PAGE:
Tetanus Immunization in Adults

Dominic J. Balestra, MD; Benjamin Littenberg, MD
JAMA. 1994;272(24):1900. doi:10.1001/jama.1994.03520240028033.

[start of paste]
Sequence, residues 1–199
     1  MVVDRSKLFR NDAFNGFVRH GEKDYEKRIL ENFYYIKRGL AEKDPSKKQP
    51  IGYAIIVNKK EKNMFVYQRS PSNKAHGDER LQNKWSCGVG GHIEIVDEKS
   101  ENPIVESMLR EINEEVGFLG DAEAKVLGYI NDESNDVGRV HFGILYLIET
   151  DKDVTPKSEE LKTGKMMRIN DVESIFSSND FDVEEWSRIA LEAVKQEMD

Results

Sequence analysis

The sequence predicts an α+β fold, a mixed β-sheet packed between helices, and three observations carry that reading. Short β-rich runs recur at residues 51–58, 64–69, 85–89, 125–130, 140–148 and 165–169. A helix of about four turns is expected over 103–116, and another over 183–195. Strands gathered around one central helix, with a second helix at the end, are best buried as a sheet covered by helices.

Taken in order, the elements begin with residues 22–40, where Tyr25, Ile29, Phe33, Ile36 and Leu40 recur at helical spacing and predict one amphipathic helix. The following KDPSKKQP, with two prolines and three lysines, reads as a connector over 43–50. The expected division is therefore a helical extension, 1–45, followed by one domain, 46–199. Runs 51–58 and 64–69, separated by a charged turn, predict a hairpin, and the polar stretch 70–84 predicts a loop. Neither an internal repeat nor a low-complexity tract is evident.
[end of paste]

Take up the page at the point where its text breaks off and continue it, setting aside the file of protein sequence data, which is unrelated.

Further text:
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To the Editor.  —The report of the two cases of tetanus occurring in Kansas in 19931 serves as an important reminder that this disease, rare in the United States, still occurs; that primary immunization is not universal; that appropriate wound management is necessary for secondary prevention; and that older Americans are particularly vulnerable. The epidemiology of tetanus in the United States has remained fairly stable over the last decade with about 50 to 60 cases yearly, with higher attack rates and higher mortality rates among older Americans, many of whom never received primary immunization.2,3Using formal decision analysis, we found that primary immunization in childhood and a single tetanus booster for elderly adults is a cost-effective alternative to the decennial booster policy for primary prevention of tetanus.4 While the costs (charges) of care for two persons with tetanus may fund as many as 90 000 doses of


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